Archive for November, 2010
Most of us outside Saskatchewan put our clocks back an hour yesterday, and we’ve now returned to what some might call “God’s time”. Of course, when it comes to the o’clock, it’s actually the law that disposes, and the law’s been setting our watches backwards and forwards for just over a hundred years. At the beginning of the last century, the English builder, William Willet, found a champion in Parliament to get his scheme passed for recapturing “some of the hours of wasted sunlight in the spring, summer, and autumn.”
Perhaps fearing that a jump of a full . . . [more]
My computer will never be the same again. If you click on any program and select the About option (often on the Help menu), you can see what version of the program you have. Google Chrome tells me I’m at 8.0.552.0. But part of me is convinced that if I check back in an hour or so, that number will have gone up, or at least gotten longer. The pace of incremental change to my software applications and operating systems is accelerating. My computer is on a hamster wheel. And these minor changes, happening behind the scenes, can have an . . . [more]
Interpol has released its orange alert report for hidden explosives, which details the features and components of Improvised Explosive Devices (IEDs) originating in San’a, Yemen. Interpol has released the information to assist law enforcement in identifying suspicious packages.
The entire 4-page report can be downloaded here (pdf).
Two packages containing printers with Pentaerythritol tetranitrate (PETN) secreted on the inside were separately identified in UAE and the UK heading for synagogues Chicago.
One of the synagogues reports high web traffic to their site from Cairo, Egypt immediately preceding the incident.
In an unfortunate twist of irony, Sana’a, Yemen was once . . . [more]
I visited the website of the new UK Supreme Court (UKSuC?) recently — it’s a good-looking site, better, in my estimation than the new US Supreme Court site and, alas, our own — but I have to confess I was shocked to see what amounts to a real estate ad front and nearly centre on the home page. Three images are featured in boxes leading to important content. The one on the right is an advert for the renting of the Supreme Court building as a venue for events:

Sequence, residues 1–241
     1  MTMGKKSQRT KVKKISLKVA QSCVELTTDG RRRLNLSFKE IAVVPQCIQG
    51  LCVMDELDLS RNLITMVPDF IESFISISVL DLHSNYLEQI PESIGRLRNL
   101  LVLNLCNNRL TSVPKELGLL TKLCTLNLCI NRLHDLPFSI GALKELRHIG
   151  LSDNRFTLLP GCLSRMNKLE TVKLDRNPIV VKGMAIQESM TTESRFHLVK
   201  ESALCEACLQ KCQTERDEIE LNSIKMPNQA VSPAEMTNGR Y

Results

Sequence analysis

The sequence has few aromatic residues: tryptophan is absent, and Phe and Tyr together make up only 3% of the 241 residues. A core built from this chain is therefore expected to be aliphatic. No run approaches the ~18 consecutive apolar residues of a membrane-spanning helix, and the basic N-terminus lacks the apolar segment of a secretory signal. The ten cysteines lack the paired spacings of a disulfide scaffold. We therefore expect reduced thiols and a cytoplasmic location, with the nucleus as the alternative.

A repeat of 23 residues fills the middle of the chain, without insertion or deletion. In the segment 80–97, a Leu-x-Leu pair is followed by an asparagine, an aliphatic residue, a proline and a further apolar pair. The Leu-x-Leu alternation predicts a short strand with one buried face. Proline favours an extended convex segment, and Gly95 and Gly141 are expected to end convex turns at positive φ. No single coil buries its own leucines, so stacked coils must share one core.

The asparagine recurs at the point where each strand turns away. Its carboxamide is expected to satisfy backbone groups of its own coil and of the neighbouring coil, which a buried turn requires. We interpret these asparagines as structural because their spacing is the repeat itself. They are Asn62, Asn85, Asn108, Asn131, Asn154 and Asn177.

The text at the other end of . . . [more]
Smart Matt Mullenweg. He’s the founder of Automattic, which runs WordPress.com and supports WordPress.org (whose publishing program makes Slaw possible). One of his recent ventures is FoodPress, an aggregator of the best foodie blogging on WordPress.com. It’s got great content—at no real cost. Smart, as I said.
The content is worth a look, if you’re at all involved with food beyond simply eating to live. As with a lot of food porn on the internet, much at FoodPress depends on the quality of the photographs (there’s even a Favorite Food Photo Archive). That strawberry has to glow; the roast . . . [more]
1. Following the example of the UN Model Law on Electronic Commerce, the UN E-Communications Convention [PDF] contains a provision on when electronic messages are received. They are received when they are capable of being retrieved by the addressee at an electronic address designated by the addressee. (Article 10) An electronic message is presumed to be capable of being retrieved by the addressee when it reaches the addressee’s electronic address.
The explanatory note to the Convention explains at para 180 that this presumption of retrievability may be rebutted, for example, if the security filters of the addressee’s system prevent the . . . [more]
I’ve got three bits of IT to pass along today.
1. The first should be evident from the typeface you’re reading this in. It’s called Josefin Sans Standard Light. And I offer it to you not so much for your reading pleasure — I wouldn’t choose it as a text face — but to catch your eye. Because, though you may never have paid attention, the web for most of its life has been anchored to those few typefaces we all share thanks to Microsoft and Apple, the commonest being Arial and some variant of Times New Roman.
Because typefaces . . . [more]
What do call waiting and ramp metering have in common with legal projects?
(Ramp metering refers to stoplights on highway entrance ramps that space out merging traffic during busy periods.)
No, it’s not that some people want to sue over them.
Rather, they require a balancing of competing interests to function most effectively. They also hark back to the urgent-v.-important equation.
Call Waiting and Individual Choice
Call waiting involves three parties but leaves the choice in the hands of one.
Personally, I detest call waiting. In effect, the person at the center says, “I don’t know who’s calling, but they’re . . . [more]
Hours and hours of reading fun:
The U.S. National Library of Medicine has launched a web site about Most Horrible and Shocking Murders:
. . . [more]
Hundreds of years before television crime shows and Agatha Christie murder mysteries, people got their thrills from “true crime” tales told in murder pamphlets (…)
Michael Sappol, PhD, a historian in the NLM History of Medicine Division says the public has had an appetite for true crime ever since the invention of movable type in the mid-1400s. Murder pamphlets have been hawked on street corners, town squares, taverns, coffee houses, newsstands and book shops for more